My field of study in university was graphic design, which has been the influential point of view I have adopted in all my creative endeavors – illustration, ceramics, painting, sculpture and finally mosaics. I feel that this mixed media I have utilized makes up the big mosaic that is my creative work. Now they are all interlaced, design being the first step of the process, almost always quite graphic.
I love the challenge of problem solving during the creation of a mosaic. Since I don’t stick to just one material or technique, this is like finding the first piece of the puzzle. Depending on the design, the size of the finished work, the colors to be used and above all my mood and the feeling I want to convey, I choose my materials- be they broken glazed tiles or crockery, glass mosaics, glass beads, pebbles, shells, smalti, or ceramic pieces I make…
Before even beginning to make mosaics, I was making large wall murals in ceramics. I sculpt the clay, then cut into smaller pieces so they can be fired, glazed and fired again. Then the pieces are fitted together on the wall to make up the mural. We used to call these “ceramic murals”, but now when I look back , I realize that those were mosaics with bigger pieces I made instead of cut.
Creating big mosaic sculptures is the ultimate joy , every step more exciting than the previous: from drawing to clay model, from metal skeleton to concrete sculpture, and finally to the mosaiced surface. My “creatures” are mostly organic forms, especially lizards and chameleons (an iguana is waiting to be born). I am thrilled with the flexibility of their movement, the wonderful curves they form, and how colorful they can be.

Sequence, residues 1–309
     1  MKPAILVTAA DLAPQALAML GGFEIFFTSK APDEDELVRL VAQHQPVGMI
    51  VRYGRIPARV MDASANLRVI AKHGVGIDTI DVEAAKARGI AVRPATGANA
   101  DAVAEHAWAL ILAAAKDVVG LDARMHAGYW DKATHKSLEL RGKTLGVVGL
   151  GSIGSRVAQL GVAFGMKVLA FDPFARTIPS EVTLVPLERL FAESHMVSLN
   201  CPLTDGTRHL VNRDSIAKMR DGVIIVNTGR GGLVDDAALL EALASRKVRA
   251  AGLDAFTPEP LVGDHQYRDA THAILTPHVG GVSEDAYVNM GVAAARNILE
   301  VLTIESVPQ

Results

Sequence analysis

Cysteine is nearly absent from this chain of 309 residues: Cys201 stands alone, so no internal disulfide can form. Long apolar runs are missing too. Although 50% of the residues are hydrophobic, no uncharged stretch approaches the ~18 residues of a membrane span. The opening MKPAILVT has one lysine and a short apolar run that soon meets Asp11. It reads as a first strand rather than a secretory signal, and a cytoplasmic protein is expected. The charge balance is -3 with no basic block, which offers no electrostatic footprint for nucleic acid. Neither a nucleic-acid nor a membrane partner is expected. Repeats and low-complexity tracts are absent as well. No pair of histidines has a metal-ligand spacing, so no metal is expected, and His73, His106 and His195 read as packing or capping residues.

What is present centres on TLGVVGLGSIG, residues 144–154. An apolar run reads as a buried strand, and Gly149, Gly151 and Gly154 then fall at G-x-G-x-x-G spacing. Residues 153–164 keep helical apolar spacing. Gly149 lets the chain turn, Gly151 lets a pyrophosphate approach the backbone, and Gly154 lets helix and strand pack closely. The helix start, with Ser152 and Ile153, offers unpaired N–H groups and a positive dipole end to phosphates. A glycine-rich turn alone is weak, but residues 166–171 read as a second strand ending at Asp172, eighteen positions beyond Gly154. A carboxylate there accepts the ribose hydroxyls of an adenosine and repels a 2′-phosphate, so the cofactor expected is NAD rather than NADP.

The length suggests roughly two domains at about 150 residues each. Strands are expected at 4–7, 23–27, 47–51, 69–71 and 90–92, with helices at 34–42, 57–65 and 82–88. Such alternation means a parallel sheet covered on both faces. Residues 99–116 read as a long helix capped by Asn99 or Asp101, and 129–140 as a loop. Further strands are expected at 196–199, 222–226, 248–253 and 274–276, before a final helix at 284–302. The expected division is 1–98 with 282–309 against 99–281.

The versatility of mosaics both in two and three dimensional pieces, suits my adventurous nature so well. The fact that even in a two dimensional piece, the depth is always existent due to the character of the pieces that make up the whole, makes the big difference between the original design and the finished mosaic. I have often heard people tell me the mosaic looks more “alive” than the painting. Or, that the sculpture feels more alive than its original model.
The name of my studio is BUKALEMUNart, bukalemun meaning cameleon – slow, versatile, colorful. It changes its color according to its mood (not just for camouflage). Thus, my studio, where I apply this very slow process to create pieces with a mosaic of materials and methods.